Who Are Your Organizations Entrepreneurs?

For nearly 15 years, we’ve worked with the nation’s top personality assessment company. The tools that this company, Target Training International, provide are wonderful resources for small business owners who want to build strong teams but need additional expertise to do it.  In addition to the personality assessments, the employee surveys, coaching and mentoring tools, and their Candidate Matching hiring program, they publish reams of great articles and other information. Here’s an article that really spoke to me, found on the Harvard Business Review blog.  I’ve reprinted it below.


How useful would it be to identify the problem-solvers within your business?

They’re called entrepreneurs, and not all of them are created the same. The ability to identify entrepreneurs empowers organizations to effectively manage their workforce. Through research, we’re beginning to learn more about spotting star performers who would otherwise become disengaged and flee — taking their new ideas with them.

Identifying these individuals is possible long before they enter the workplace. In fact, 42 percent of entrepreneurs have determined they want to own their own business before the age of 12, according to an ongoing study run by our company, Target Training International, of engineering students from 18 major U.S. universities.


Early findings from this research describe two types of entrepreneurs emerging:

  • Entrepreneurial-Minded People (EMPs): They tend to work well in teams, have an organized workplace and enjoy consistency. These individuals are happier within organizations or within a group of people working together to achieve a goal.
  • Serial Entrepreneurs (SEs): The second group is made up of potential serial entrepreneurs who have a desire to own their own business. Serial entrepreneurs tend to be more individualistic, have a greater sense of urgency and a desire to control. They have demonstrated an ability to sustain a business past the first year, into the higher growth job production years of a young firm.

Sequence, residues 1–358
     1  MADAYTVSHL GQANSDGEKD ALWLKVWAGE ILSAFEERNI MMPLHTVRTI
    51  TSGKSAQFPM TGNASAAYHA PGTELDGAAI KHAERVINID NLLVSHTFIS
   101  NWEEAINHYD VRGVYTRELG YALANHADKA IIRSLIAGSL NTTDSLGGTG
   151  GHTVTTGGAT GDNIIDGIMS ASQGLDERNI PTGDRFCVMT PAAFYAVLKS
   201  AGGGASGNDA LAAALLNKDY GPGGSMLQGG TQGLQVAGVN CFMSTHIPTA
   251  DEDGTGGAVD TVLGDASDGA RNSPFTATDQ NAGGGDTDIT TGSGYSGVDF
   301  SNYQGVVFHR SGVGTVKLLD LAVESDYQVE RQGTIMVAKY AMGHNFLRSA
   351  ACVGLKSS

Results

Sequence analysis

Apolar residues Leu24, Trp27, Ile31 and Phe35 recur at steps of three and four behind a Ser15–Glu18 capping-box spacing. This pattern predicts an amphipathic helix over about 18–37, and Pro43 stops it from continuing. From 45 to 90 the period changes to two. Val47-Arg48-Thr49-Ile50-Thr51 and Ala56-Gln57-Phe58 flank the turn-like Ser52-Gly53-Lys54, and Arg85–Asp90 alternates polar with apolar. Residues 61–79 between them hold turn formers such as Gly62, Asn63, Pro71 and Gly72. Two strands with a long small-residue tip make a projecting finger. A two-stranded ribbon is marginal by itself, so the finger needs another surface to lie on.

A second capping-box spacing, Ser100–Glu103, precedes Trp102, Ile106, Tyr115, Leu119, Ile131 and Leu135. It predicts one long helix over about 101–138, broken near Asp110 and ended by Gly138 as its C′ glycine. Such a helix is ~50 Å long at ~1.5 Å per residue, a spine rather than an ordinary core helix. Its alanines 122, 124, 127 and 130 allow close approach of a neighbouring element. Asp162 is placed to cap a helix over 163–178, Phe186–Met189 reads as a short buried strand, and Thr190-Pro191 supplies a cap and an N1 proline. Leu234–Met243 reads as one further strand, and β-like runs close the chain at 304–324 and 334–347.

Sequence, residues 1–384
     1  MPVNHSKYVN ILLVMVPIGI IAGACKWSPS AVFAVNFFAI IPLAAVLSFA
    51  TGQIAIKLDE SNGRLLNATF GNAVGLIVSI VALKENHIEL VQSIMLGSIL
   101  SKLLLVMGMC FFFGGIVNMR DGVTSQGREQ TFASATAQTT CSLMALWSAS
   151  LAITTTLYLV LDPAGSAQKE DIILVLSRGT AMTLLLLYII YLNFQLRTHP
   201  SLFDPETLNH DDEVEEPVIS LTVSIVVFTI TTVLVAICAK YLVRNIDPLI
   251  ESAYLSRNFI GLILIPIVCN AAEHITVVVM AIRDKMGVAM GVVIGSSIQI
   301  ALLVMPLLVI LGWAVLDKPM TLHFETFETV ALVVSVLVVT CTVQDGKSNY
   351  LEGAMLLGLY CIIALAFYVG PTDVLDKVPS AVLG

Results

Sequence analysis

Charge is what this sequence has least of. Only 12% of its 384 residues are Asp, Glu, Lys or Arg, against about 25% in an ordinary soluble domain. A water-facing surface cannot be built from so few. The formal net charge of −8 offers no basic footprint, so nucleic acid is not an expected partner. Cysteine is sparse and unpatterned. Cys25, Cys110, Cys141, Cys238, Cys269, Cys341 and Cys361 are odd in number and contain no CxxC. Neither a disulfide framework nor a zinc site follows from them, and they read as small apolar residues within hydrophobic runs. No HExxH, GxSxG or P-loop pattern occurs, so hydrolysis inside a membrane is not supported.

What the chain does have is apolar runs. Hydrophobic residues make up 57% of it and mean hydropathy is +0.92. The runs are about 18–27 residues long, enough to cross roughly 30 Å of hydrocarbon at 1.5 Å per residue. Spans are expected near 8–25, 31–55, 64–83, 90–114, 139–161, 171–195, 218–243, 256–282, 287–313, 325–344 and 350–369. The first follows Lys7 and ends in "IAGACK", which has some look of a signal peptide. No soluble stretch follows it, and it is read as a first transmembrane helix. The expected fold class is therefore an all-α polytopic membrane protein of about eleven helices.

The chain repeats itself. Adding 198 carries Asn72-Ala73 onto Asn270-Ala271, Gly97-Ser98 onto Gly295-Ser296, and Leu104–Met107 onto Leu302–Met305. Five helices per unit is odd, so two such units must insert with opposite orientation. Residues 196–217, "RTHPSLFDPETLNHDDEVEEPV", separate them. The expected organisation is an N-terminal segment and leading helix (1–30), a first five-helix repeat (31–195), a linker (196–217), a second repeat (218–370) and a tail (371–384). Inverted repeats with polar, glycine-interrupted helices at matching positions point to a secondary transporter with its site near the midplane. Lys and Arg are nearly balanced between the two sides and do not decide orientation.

Both entrepreneurial types are identified by a distinct challenge-orientation and improvement-focused mindset. But they differ in their attitudes towards control. EMPs are less concerned with the amount of control they can exert. They are happiest when they work collaboratively on a task, in a team, striving for solutions to complex or recurring problems.

The SE wishes to have ultimate control over her life and business. While happy to set direction for a company or team, serial entrepreneurs need to feel that their employer is not limiting their destiny.


Once you identify certain performers as SEs or EMPs, it’s your job as a manager to retain them.

Make sure they have a forum where their ideas can be heard. When an SE shares his vision and is met with rejection, he will become disengaged and will likely resent the organization. He is also likely to not only plot his exit, but how to redress the rejection he experienced. That can translate into taking their ideas to a competitor or becoming a competitor himself. Similarly if an EMP is not allowed to engage in the problem-solving process or is asked to work independently, the same is likely to occur.

But how do managers identify entrepreneurial types? It’s often helpful to put these questions to use, especially during the hiring process or a performance review.

  1. Describe your career goals. The EMP’s answer would more likely indicate he could care less about being in management and is happy where he is or where he is applying for. The SE will tend to say she is looking for advancement.